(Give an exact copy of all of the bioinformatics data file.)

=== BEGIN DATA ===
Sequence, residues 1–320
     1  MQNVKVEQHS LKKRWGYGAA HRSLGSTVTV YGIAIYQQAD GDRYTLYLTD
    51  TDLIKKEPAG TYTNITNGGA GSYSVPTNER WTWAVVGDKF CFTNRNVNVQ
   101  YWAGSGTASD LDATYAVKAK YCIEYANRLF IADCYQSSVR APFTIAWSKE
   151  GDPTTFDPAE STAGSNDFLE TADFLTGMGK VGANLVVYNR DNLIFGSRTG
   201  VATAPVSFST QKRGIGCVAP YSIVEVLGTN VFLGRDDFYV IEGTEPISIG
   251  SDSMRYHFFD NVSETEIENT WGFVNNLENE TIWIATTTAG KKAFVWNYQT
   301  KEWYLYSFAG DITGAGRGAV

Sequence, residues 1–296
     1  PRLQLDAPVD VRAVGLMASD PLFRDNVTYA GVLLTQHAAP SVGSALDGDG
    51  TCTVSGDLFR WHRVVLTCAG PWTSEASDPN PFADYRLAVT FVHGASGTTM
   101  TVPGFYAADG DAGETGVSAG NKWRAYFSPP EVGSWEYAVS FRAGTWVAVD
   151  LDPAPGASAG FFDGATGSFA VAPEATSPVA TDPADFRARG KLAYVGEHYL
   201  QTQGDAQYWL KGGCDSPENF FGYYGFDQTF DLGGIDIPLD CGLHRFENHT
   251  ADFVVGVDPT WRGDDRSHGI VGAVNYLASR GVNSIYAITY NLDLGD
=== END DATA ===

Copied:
Sequence, residues 1–320
     1  MQNVKVEQHS LKKRWGYGAA HRSLGSTVTV YGIAIYQQAD GDRYTLYLTD
    51  TDLIKKEPAG TYTNITNGGA GSYSVPTNER WTWAVVGDKF CFTNRNVNVQ
   101  YWAGSGTASD LDATYAVKAK YCIEYANRLF IADCYQSSVR APFTIAWSKE
   151  GDPTTFDPAE STAGSNDFLE TADFLTGMGK VGANLVVYNR DNLIFGSRTG
   201  VATAPVSFST QKRGIGCVAP YSIVEVLGTN VFLGRDDFYV IEGTEPISIG
   251  SDSMRYHFFD NVSETEIENT WGFVNNLENE TIWIATTTAG KKAFVWNYQT
   301  KEWYLYSFAG DITGAGRGAV

Sequence, residues 1–296
     1  PRLQLDAPVD VRAVGLMASD PLFRDNVTYA GVLLTQHAAP SVGSALDGDG
    51  TCTVSGDLFR WHRVVLTCAG PWTSEASDPN PFADYRLAVT FVHGASGTTM
   101  TVPGFYAADG DAGETGVSAG NKWRAYFSPP EVGSWEYAVS FRAGTWVAVD
   151  LDPAPGASAG FFDGATGSFA VAPEATSPVA TDPADFRARG KLAYVGEHYL
   201  QTQGDAQYWL KGGCDSPENF FGYYGFDQTF DLGGIDIPLD CGLHRFENHT
   251  ADFVVGVDPT WRGDDRSHGI VGAVNYLASR GVNSIYAITY NLDLGD